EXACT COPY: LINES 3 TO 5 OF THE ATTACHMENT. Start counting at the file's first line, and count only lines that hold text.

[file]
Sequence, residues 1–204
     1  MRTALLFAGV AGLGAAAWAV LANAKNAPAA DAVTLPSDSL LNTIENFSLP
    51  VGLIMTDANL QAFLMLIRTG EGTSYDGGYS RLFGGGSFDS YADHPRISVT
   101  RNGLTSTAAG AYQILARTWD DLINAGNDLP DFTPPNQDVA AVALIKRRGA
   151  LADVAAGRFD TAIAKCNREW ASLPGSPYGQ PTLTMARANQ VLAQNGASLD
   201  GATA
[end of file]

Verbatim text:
    51  VGLIMTDANL QAFLMLIRTG EGTSYDGGYS RLFGGGSFDS YADHPRISVT
   101  RNGLTSTAAG AYQILARTWD DLINAGNDLP DFTPPNQDVA AVALIKRRGA
   151  LADVAAGRFD TAIAKCNREW ASLPGSPYGQ PTLTMARANQ VLAQNGASLD